Automotive technician: a growing technical field

Feature Article- Thu., Jun. 16, 2011
Contributed
- Contributed Photo

It used to be all a car mechanic needed was a good set of tools, some oil and knowledge of a car’s parts and pieces.

But in today’s highly technical world, automotive technicians are going to school for a lot more training, especially in the technology fields.

Technology is changing the automotive industry, and industry professionals are expressing concern in finding enough qualified employees to hire. The experts stress the importance of reaching young people early to recruit them into automotive careers and ensuring they have top-notch training in the technical aspects of the field.

Job opportunities will abound for skilled automotive technicians, and continued growth in the number of vehicles in use in the United States will lead to new jobs for workers performing basic car maintenance and repair, according to the 2010-2011 edition of the Bureau of Labor Statistics Occupational Handbook. Retiring baby boomers will also create additional job openings.

“Qualified technicians are in great demand,” said John Hurd, president of a WyoTech campus. “Having good diagnostic and problem-solving abilities, as well as training in electronics and computer skills, will give a job candidate a great lead over the competition, especially for entry-level positions.”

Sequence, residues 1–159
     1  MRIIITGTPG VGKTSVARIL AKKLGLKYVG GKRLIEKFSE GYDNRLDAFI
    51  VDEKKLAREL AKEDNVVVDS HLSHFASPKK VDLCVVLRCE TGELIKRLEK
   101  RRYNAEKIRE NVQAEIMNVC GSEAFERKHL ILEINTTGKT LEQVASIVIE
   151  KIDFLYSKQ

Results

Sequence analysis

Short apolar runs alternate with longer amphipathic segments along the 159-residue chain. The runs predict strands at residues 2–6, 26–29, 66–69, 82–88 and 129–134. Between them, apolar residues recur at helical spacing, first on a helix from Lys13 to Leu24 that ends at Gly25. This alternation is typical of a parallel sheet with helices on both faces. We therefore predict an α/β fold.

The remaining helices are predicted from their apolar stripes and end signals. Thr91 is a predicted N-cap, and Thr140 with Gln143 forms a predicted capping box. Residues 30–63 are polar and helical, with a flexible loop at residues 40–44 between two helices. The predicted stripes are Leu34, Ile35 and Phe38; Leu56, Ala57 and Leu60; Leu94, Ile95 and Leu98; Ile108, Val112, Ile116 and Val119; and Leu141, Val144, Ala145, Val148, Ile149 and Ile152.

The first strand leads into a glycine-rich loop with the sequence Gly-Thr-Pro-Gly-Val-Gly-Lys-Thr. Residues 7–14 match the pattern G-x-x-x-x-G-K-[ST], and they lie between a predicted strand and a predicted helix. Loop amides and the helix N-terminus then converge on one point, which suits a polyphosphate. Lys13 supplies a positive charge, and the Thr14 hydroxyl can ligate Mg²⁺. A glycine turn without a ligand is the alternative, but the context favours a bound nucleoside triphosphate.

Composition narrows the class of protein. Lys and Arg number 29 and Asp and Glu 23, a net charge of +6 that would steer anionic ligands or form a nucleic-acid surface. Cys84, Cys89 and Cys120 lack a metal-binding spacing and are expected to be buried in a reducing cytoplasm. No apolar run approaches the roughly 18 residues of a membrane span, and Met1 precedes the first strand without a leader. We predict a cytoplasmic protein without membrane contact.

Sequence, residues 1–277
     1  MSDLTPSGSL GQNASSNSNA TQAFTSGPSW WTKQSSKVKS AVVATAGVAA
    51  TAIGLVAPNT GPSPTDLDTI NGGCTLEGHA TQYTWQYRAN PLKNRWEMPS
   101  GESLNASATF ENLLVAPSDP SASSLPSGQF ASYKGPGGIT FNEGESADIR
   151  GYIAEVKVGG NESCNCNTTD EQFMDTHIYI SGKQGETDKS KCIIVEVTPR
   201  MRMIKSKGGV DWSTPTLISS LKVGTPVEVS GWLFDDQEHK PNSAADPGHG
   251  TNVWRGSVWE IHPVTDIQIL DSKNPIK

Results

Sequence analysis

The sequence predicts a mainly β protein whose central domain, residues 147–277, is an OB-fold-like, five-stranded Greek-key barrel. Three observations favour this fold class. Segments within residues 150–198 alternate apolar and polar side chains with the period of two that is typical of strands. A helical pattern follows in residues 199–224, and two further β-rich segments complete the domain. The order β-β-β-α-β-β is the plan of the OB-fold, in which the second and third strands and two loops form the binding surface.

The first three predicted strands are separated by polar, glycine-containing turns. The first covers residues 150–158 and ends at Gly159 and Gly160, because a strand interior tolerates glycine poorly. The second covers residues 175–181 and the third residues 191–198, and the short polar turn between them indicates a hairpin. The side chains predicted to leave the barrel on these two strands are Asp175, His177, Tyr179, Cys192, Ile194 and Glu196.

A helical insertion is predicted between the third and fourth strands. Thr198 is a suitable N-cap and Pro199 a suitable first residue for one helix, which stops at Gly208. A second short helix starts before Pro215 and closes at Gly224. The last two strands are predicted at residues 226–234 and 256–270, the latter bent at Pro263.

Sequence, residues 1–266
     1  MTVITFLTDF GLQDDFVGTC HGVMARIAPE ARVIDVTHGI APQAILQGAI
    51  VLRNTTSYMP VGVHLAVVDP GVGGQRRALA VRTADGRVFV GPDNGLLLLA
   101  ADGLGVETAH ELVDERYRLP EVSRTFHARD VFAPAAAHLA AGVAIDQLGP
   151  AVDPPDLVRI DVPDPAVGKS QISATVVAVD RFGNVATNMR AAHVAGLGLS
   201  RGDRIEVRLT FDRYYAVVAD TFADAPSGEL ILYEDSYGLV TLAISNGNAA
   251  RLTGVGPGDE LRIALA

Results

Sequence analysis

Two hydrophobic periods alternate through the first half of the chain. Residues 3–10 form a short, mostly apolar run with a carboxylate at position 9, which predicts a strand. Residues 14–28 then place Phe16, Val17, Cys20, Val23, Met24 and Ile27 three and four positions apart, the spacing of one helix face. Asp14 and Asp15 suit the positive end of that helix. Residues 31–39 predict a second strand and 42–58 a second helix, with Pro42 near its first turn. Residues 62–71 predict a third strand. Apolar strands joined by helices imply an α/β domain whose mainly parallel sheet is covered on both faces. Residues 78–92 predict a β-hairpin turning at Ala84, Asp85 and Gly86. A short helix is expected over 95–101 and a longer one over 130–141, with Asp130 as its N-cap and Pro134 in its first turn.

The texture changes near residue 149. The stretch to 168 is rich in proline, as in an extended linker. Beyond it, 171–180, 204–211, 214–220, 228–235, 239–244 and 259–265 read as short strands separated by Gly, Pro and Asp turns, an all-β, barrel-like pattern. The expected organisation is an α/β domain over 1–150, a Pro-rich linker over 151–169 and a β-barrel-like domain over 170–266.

Despite the bright job prospects, finding talented employees with the right skill set is difficult. Hurd stressed that WyoTech makes an important contribution to the automotive industry by training young people for careers in automotive technology. He said that advances in automotive technology do not pose significant challenges for WyoTech. “No matter what technology aspects manufacturers put into the newest and most advanced cars, if it’s being built, we’re going to train our technicians to fix it,” added Hurd. 

Young students and students entering the automotive field from a different career all make great candidates for automotive technicians, said Hurd. But one challenge in educating students from so many different backgrounds is often a lack of basic technical knowledge for entering students. “We get students who don’t even know what a screwdriver is, so we still have to start with the basics,” Hurd said.

Adjusting for new automotive trends like hybrids and advanced diagnostics also keeps the school up to date in the mechanical industry. “You have to know how to tune the engine and chassis to work together, for instance,” Hurd said. “While we used to have a six-month program, we now go through nine-, 12- and 15-month programs so that the students can raise their skill levels and become better employees.”

Vocational education and technical colleges help the automotive industry meet its future talent needs. A focused technical education can teach students the skills that they are going to need for the future as an automotive technician.

Courtesy of ARA Content.


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